Dairy Farmer Harnesses Nature's Power

4/26/2014 7:00 AM
By Maegan Crandall New York Correspondent

FABIUS, N.Y. — Although Tom Trinder and his family have an extensive background in conventional dairy practices, in 2006 he made the first of several successful — and eco-friendly — decisions that have changed the direction of his farm and his farming practices.

“I watched my father’s health deteriorate. He was big crop sprayer and he sprayed everything, and I watched his lungs deteriorate over time. I don’t have any proof that it was due to sprays, but I do know his health deteriorated. So, I made up my mind that I was not going to farm conventionally. I just gave it up and went to the organic principles, and I’ve been very happy ever since,” said Trinder, owner of Trinder Farm in Fabius, N.Y.

Trinder admits that he had some apprehension about transitioning his herd of 200-plus Holsteins to organic.

“I’ll be honest, it’s scary at first. You’re very apprehensive, but if you do it right and if you practice the true principles of it, it works. I was scared that maybe we couldn’t treat our cows for mastitis and how would we deal with that. I was also concerned with grazing. But in the end, it was very simple for us to do. So, I’m a big believer in the organic endeavor and found the transition very easy,” he said.

Trinder also points out that he is one of the few farmers locally who plants no-till crops on his 400-acre farm.

“Any farm that does not do tillage is sequestering the carbon in the soil. I haven’t tilled in four or five years, so my farm is pretty much carbon dioxide retentive. There is also less erosion if I don’t till, and I keep the carbon dioxide in the ground as opposed to having it escape and cause more pollution,” he said.

His next innovative steps included installing a wind turbine, followed by a robotic milking system, and then investing in 99 solar panels.

The 120-foot-high windmill was installed on a cold January day in 2011 and according to Trinder, the local geography makes it ideal for wind power.

“When it runs and it runs right, it does a great job,” he said.

The solar panels were installed this past fall when the sun’s rays were weakening, so Trinder is still waiting for the summer months to determine their full impact.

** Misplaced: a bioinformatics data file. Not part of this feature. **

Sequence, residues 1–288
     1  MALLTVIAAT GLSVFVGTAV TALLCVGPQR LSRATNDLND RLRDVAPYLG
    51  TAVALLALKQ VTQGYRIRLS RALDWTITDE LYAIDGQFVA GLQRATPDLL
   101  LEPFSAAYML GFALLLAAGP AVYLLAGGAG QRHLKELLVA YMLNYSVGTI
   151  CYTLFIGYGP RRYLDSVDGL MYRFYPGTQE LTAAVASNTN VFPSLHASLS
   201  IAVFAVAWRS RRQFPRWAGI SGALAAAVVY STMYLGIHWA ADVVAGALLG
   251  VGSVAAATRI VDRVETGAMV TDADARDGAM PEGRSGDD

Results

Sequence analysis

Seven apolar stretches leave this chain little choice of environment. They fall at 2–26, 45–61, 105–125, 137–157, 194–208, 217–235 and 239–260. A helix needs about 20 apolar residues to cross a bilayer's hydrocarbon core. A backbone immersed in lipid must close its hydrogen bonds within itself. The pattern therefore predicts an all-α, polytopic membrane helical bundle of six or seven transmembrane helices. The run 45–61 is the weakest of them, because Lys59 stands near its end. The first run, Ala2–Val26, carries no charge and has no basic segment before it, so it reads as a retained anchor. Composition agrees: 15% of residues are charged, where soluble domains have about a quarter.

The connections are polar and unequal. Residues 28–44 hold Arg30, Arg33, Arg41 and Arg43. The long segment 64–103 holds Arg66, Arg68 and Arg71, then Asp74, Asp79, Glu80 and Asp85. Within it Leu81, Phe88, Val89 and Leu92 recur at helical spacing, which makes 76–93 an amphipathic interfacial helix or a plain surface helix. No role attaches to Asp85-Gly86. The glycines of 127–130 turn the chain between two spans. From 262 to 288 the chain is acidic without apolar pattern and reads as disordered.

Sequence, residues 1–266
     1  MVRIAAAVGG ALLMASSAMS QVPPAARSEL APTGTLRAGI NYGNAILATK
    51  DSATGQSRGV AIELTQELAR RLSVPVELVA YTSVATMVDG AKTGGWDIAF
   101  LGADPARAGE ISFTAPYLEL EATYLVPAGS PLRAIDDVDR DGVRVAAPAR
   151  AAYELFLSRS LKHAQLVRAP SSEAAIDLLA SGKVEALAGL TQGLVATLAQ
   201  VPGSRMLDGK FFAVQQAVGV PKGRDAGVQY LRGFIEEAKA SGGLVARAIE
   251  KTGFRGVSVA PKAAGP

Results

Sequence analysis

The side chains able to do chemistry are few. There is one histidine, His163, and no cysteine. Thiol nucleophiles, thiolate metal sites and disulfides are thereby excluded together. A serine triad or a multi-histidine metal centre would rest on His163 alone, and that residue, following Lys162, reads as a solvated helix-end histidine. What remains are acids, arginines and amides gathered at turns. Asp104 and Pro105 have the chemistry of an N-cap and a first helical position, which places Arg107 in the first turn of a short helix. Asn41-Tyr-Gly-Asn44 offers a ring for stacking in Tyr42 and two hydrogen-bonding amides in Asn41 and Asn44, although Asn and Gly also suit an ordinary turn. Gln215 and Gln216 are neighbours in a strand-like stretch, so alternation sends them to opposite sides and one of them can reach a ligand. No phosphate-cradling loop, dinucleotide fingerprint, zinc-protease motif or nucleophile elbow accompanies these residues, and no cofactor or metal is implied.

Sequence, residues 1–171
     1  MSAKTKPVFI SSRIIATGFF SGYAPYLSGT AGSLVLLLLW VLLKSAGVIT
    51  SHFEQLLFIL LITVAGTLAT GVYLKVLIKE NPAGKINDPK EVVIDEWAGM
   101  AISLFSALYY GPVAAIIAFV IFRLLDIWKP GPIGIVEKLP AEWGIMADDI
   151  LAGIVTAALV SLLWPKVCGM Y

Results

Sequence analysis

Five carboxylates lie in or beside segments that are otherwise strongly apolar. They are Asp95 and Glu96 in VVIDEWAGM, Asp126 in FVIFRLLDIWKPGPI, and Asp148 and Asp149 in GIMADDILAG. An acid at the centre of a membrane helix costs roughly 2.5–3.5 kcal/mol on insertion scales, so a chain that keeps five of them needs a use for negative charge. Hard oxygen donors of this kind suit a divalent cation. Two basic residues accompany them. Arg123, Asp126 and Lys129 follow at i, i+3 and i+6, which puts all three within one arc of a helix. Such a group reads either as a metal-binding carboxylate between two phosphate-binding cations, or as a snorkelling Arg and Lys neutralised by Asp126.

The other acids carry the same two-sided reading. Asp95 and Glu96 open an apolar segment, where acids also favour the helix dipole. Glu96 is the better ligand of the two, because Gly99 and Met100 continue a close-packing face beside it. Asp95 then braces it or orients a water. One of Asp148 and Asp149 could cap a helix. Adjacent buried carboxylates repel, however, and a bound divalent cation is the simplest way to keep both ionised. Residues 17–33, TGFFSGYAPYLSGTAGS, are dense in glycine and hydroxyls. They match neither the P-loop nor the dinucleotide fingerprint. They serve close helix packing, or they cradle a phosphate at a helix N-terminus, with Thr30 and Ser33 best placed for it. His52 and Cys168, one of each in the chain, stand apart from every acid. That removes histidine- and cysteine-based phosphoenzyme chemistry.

“We installed them a certain way so that we can capture the largest amount of energy retention. There are two angles so as the sun moves from east to west, it switches sides and this enables it to capture and use more of the sun’s energy rather than keeping the panels at one stable slant,” he said.

The energy produced from the windmill and the solar panels is sent directly back to the grid, where the electric company, in turn, credits the farm.

While Trinder is still waiting on the final verdict on just how much energy he is saving, he is hopeful and happy with the results so far, and proud that he has reduced his environmental impact.

“I haven’t had a chance to see what the maximum output will be. I would guess under ideal circumstances in a perfect world that I could get as much as 36 percent in savings. The good weather will be coming up in the next three months, that’s when I can see what I can really do with them,” he said.

Trinder also points out that he received a grant from the New York State Energy Research and Development Authority for the installation of both the windmill and the solar panels, which helped considerably.

Installing a robotic milking system has also had a significant effect on the day-to-day practices of the farm. With the help of the robots, Trinder said he is able to run his farm more efficiently with only minimal help. The energy-efficient system records the production history of each specific cow and calculates the grain amount and type to be given to each cow, and if there are any health issues to address.

Trinder also manages a compost facility that consists of wood chips and manure that he uses for fertilizer.

Even with all the beneficial changes that Trinder has implemented over the last few years and the progress he has attained, he doesn’t plan on stopping any time soon.

“I don’t plan on retiring. I love to work and I feel good so I don’t have any reason to retire. That’s the way I feel about it,” he said.

Trinder Farm ships its milk to Horizon Organic, a decision Trinder said is happy with.

“I’m really very happy with Horizon. They’ve been good to me and I’ve been good to them. They produce a really good product,” he said.


Is the USDA doing enough to accommodate small-scale direct-marketers of meat?

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10/1/2014 | Last Updated: 1:15 PM